Newspaper article The Canadian Press

New Cyclone Chopper Technical Concerns Potential "Show Stopper" Sources

Newspaper article The Canadian Press

New Cyclone Chopper Technical Concerns Potential "Show Stopper" Sources

Article excerpt

Cyclones susceptible to interference?

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OTTAWA - Canadian air force engineers and flight-certification officials are grappling with serious concerns related to the electronics aboard the CH-148 Cyclone helicopters that are supposed to replace the geriatric Sea Kings.

That's the word from defence sources with intimate knowledge of the troubled program.

The federal government has refused to accept four test helicopters, currently parked at the Canadian Forces facility in Shearwater, N.S., on the basis they are "non-compliant" -- and most of the public explanation has related to software issues.

But the sources say there's concern that delicate flight systems, including a computer that runs the engines, are not sufficiently shielded against powerful electromagnetic waves, such as those produced by military-grade radar on frigates.

The interference has the potential of blanking out the digital instruments and possibly shutting down the engines.

The directorate of air worthiness at National Defence issued a restricted flight certificate in July and imposed restrictions on the helicopter's operations specifically because of so-called E-3 concerns -- electromagnetic compatibility, electromagnetic vulnerability and electromagnetic interference.

"Each of them are potential show-stoppers," said one source, who asked for anonymity.

"The vulnerability depends on the frequency and the strength of the signal. You have the potential of losing your instruments and not knowing where you are, and having to take visual cues from outside your aircraft to get down safely."

The Cyclone, meant to replace 50-year-old CH-124 Sea Kings, was cleared to fly within sight of the ground only during daylight hours as part of a long-delayed flight test program that was to have been carried out last month in Nova Scotia.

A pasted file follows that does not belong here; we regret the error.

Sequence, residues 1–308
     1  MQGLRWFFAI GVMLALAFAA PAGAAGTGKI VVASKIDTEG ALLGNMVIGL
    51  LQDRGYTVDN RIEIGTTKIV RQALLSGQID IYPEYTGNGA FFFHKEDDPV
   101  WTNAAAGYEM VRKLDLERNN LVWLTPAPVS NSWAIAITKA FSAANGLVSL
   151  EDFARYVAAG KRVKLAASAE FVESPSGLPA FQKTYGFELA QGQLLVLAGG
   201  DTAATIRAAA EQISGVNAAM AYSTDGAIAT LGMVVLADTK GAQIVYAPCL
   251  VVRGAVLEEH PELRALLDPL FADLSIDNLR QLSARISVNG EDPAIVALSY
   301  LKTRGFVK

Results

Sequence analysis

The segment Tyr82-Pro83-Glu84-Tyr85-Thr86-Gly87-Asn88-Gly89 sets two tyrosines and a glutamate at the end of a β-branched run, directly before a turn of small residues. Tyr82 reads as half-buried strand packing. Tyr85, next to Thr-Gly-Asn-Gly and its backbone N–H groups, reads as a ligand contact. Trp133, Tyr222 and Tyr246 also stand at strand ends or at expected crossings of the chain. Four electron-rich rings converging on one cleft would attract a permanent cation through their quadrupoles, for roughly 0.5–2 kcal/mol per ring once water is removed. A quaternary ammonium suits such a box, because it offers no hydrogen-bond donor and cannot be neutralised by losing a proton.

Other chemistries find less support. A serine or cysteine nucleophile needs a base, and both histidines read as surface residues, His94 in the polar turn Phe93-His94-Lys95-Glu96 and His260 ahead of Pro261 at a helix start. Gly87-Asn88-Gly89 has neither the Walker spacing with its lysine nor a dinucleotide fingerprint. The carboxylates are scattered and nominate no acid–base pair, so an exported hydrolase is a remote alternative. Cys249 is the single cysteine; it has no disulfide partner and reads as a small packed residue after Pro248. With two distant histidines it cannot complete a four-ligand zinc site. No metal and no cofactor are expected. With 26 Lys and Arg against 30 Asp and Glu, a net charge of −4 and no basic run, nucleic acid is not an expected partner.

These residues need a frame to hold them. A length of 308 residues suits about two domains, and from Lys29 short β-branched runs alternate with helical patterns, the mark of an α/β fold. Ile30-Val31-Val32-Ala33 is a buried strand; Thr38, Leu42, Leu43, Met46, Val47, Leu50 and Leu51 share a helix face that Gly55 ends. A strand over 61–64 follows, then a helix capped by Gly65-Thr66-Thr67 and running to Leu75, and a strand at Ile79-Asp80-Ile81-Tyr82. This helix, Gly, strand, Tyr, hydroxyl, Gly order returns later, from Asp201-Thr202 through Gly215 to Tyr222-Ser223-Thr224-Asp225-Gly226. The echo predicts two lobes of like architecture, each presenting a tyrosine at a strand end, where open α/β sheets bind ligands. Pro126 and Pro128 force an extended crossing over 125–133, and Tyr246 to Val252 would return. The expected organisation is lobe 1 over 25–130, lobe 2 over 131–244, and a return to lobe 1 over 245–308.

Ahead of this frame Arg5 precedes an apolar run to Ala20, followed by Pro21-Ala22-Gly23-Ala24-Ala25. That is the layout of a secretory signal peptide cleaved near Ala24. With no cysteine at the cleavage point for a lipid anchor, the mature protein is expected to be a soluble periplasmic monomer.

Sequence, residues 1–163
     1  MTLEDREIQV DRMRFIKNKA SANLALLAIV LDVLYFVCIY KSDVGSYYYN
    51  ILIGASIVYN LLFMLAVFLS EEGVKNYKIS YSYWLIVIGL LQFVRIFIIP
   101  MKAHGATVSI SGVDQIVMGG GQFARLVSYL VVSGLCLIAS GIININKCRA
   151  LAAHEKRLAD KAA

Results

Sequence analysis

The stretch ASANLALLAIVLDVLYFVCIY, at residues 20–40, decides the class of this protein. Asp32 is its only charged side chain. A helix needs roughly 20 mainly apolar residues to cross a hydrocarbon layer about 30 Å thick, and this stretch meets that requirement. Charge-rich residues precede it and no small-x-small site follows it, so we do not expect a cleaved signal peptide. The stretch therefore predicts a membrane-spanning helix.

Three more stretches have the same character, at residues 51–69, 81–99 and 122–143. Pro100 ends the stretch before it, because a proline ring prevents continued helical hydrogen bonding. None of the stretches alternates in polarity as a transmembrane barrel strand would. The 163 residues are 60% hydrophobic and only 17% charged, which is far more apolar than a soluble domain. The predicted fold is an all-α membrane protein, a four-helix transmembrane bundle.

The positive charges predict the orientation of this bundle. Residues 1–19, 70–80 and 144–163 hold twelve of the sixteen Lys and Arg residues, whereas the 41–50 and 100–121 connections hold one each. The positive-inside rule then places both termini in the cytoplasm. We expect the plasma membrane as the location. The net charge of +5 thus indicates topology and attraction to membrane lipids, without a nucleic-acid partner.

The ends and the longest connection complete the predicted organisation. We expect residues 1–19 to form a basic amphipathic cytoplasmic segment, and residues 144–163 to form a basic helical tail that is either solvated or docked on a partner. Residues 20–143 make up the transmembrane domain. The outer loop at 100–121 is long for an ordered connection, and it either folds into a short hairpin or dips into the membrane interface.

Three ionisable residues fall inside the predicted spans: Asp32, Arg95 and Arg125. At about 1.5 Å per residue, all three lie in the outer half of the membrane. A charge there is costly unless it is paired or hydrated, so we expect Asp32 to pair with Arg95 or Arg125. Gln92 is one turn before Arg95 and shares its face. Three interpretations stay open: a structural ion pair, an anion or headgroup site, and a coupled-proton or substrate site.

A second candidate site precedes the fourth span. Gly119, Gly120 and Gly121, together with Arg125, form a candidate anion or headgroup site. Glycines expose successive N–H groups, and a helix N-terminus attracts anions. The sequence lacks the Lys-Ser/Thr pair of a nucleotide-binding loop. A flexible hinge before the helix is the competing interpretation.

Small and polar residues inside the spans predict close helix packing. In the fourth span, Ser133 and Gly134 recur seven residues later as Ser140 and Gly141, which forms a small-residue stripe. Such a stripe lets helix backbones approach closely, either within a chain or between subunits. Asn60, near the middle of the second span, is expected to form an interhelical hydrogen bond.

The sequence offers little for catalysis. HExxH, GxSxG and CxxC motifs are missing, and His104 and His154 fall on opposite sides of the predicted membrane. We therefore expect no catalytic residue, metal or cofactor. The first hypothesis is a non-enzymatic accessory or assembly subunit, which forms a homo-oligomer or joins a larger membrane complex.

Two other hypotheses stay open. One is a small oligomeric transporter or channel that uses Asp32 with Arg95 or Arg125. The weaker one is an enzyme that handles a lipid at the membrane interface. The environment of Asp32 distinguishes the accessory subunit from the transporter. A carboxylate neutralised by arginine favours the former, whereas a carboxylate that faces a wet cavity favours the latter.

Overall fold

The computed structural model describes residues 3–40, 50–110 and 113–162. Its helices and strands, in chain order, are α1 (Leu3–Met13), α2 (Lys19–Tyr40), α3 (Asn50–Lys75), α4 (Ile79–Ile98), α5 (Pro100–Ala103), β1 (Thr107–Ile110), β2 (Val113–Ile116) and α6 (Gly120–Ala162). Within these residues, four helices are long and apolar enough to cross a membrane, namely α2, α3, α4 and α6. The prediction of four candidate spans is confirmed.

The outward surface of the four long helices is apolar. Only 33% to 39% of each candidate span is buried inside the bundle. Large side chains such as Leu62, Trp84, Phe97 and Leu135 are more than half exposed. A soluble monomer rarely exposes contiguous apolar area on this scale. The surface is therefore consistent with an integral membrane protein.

It also cannot fly over water because of separate, unresolved concerns about the flotation system.

The Conservative government signalled last week it is examining "other" options to the Sikorsky-built helicopter, which is five years behind schedule and overbudget.

Debate within the military test community has revolved around whether the electromagnetic issue is a fatal blow to the program, since the Cyclone's design was based on a less-rugged civilian variant.

"The aircraft was not designed from the ground up with this kind of shielding in mind," said the source. "Military aircraft, the skin of military aircraft, are sometimes embedded with a fine copper screen or mesh to prevent the intrusion of electromagnetic interference."

There are potential fixes, according to several defence sources.

One solution could involve retroactively installing screens around sensitive electronics, but that could add as much as 136 kilograms to the weight of the helicopter. That worries engineers who have long been concerned whether the Cyclone's engine is powerful enough to comfortably lift its existing weight. …

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